Inspiration can come from many sources. From historical facts, physical characteristics of materials, persons you admire. In order to create relevance and put something in a context, create perspective, we build upon the legacy of others. It is the takeaway for new experimentation. Sybren Renema wanted to challenge old and new discoveries. Space shuttles are launched to explore new land, while in history we sailed out to new grounds. He added a camera and a piece of wood, originating from the ship that Captain Scott used in 1902 to explore the cold Nova Terra, to a shuttle. A camera on top documented the journey and from that video, nine stills were distilled. Showing a parabolic cycle and journey. Can you discover something new from something old?
Some discoveries come after months of practice and noting down learnings. Eirik Jahnsen is inspired by the elaborate transformation process within alchemy. He wants to understand and push the possibilities of the material steering his material to unexpected shapes, colours and forms. The results are appealing iridescent steel paintings, continuously moving and changing. This creates works with multiple faces – showing the duality of a Janus – there is no beginning or ending, just an endless transition. A continuous play between micro effects leading to a whole universe.
Some artist build upon existing universes, others take a retreat in utopian dreamed universes. For Tiwánee van der Horst the vision and works from Hundertwasser are an endless inspiration. As basic elements she uses his spiral course, in which everything moves in circles never to return to the same place. She draws lessons from his imaginative vitality and uniqueness and translates this concept into three dimensional paintings discovering and mastering her own invented technique.
In contrast, Joseph Huot creates a phantasmagorical world. He offers the viewer windows to time travel, sneak peek and explore a world of crazy desires, odd feelings and surreal surroundings. An antidote to gloomy thoughts. Just open the windows and for a moment drop the armour to enter this alternative world. Building upon the humour and legacy of surrealist in the broadest sense. Perhaps you could take the ‘Yellow Submarine’.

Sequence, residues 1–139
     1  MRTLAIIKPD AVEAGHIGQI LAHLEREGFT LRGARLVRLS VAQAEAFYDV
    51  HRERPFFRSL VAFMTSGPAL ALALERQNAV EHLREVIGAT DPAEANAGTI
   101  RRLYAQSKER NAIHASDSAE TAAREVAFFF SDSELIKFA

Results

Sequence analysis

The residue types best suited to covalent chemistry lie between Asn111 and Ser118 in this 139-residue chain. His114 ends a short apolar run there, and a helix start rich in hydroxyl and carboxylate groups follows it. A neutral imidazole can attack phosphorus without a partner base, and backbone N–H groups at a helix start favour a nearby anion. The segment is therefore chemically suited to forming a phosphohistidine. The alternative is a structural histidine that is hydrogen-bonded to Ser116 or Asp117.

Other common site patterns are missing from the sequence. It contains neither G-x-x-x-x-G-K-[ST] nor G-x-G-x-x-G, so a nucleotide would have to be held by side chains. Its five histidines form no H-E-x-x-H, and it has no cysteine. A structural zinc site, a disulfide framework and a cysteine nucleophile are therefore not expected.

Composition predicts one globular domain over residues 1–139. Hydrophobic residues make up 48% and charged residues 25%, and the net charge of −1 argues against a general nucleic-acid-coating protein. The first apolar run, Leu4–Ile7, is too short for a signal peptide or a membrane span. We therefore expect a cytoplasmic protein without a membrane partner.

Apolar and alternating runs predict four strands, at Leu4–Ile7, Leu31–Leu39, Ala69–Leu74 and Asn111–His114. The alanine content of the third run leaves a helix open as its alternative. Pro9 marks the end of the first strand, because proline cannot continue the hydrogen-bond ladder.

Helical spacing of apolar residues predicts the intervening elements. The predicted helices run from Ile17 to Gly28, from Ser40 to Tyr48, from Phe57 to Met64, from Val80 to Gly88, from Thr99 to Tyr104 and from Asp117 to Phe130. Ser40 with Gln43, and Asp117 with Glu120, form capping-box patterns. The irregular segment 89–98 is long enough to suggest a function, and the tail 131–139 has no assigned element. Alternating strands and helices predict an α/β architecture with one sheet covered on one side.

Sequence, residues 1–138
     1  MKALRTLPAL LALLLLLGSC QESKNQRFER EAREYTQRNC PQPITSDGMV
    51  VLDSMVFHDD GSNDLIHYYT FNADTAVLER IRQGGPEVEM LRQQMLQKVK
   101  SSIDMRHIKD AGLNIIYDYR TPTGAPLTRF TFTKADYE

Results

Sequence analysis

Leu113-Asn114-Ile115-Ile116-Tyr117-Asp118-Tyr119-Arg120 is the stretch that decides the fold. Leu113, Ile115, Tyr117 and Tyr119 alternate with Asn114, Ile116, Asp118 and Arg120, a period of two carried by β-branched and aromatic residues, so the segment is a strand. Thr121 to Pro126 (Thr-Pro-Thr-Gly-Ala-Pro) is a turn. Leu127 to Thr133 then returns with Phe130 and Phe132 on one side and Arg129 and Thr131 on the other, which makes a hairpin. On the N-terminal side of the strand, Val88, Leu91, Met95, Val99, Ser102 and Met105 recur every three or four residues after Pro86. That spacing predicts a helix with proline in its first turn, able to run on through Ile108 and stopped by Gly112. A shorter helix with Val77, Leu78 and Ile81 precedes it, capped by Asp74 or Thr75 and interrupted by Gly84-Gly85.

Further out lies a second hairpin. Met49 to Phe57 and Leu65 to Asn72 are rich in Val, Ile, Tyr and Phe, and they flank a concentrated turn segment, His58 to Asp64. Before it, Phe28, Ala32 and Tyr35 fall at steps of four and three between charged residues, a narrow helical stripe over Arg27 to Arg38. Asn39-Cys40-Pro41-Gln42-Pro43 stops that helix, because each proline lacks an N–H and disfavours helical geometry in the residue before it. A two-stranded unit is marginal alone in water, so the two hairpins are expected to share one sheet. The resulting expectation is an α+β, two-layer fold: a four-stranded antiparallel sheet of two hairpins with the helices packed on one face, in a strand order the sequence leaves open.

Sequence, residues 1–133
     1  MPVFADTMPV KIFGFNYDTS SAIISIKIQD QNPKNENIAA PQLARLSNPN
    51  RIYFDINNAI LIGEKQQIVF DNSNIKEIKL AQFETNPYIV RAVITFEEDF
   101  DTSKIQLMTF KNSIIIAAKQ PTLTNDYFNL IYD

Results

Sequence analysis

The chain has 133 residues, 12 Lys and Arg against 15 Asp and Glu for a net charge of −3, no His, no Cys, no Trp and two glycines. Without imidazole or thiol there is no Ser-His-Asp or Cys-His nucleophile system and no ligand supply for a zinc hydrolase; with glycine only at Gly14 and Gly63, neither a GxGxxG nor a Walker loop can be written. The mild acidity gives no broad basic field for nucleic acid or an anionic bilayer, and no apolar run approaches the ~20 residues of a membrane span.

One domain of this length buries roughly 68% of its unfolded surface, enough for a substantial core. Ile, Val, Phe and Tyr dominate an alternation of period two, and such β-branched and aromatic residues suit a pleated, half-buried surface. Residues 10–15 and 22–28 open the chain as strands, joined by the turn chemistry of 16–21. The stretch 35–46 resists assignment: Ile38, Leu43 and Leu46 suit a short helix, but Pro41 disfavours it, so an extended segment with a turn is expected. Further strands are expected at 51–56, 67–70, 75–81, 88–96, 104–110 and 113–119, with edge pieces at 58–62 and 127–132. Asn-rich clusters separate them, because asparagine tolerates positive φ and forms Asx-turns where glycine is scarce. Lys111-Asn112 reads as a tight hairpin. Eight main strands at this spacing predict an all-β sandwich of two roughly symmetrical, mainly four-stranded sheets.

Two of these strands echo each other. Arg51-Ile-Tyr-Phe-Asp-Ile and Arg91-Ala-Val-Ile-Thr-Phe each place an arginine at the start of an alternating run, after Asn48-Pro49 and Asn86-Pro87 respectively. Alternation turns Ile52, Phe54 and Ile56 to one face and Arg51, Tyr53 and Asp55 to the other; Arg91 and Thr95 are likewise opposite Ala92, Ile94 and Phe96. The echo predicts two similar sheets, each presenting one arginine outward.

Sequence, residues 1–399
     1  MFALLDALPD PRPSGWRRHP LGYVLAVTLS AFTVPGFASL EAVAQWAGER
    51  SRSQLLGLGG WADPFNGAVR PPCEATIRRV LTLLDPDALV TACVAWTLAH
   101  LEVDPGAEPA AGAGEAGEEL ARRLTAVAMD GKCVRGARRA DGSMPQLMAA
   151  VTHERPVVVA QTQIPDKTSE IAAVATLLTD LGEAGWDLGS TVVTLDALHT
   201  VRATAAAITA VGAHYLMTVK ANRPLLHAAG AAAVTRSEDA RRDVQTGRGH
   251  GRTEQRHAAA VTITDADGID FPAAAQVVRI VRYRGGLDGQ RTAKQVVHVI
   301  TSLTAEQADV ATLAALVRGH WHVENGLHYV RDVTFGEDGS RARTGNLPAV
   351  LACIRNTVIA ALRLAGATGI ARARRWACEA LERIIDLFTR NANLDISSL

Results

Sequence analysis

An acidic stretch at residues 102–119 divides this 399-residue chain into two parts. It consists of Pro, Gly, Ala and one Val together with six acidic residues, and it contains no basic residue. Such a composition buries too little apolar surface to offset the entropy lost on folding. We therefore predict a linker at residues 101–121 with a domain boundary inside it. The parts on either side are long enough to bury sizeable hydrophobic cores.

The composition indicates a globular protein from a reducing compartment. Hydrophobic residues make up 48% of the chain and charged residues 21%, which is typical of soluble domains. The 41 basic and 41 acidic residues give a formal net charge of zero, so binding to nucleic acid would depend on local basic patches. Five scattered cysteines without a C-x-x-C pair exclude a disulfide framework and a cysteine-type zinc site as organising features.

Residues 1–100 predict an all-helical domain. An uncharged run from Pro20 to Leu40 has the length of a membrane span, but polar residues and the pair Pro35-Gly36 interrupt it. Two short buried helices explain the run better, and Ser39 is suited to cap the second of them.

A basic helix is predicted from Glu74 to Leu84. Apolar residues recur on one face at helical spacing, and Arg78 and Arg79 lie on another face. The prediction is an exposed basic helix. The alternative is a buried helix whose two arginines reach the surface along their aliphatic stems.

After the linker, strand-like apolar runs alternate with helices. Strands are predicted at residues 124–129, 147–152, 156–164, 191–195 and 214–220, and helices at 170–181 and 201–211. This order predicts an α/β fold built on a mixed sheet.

What if imagination is not enough and you want action? What if you don’t agree with the standards in our current society? What if you want to have a voice altering the shift of an unrealistic paradigm of beauty? Vermibus discovered a method to manipulate imagers and does so by re-engineering photography. He explores issues of identity, consumerism and advertising mental pollution and is now able to literally change the status quo.
visiting artist Sijbrand
With his work, Sijbrand wants to bring balance and harmony based on evidence based research. He adopts techniques and theories to tell his story: the Rorschach test from psychology, Goethe’s colour analyses, Mondrian’s spiritual pursuit, the mathematical golden ratio as tool for composition. Sijbrand creates his own practices of a meditative process resulting in visual repetition. Patterns are breaking free from prescribed rules making room to create something recognizable from an abstract pattern of paint.
“My work is inspired by reality. The formation of an individual’s values in society enables me to create metaphorical mirrors that demonstrate the gap between ‘the truth’ and ‘that which the individual accepts as truth’.”
Sijbrand (b. 1988, The Hague, NL) studied journalism and photographic design. He shortly worked as a graphic designer before dedicating his life to art. Recently he exhibited in ‘De Fundatie’ and participated in the kickstART. In all his endeavours, experiments and works, he has used more than 600 liters of paint. Due to a strong self-criticism new bodies of work arise.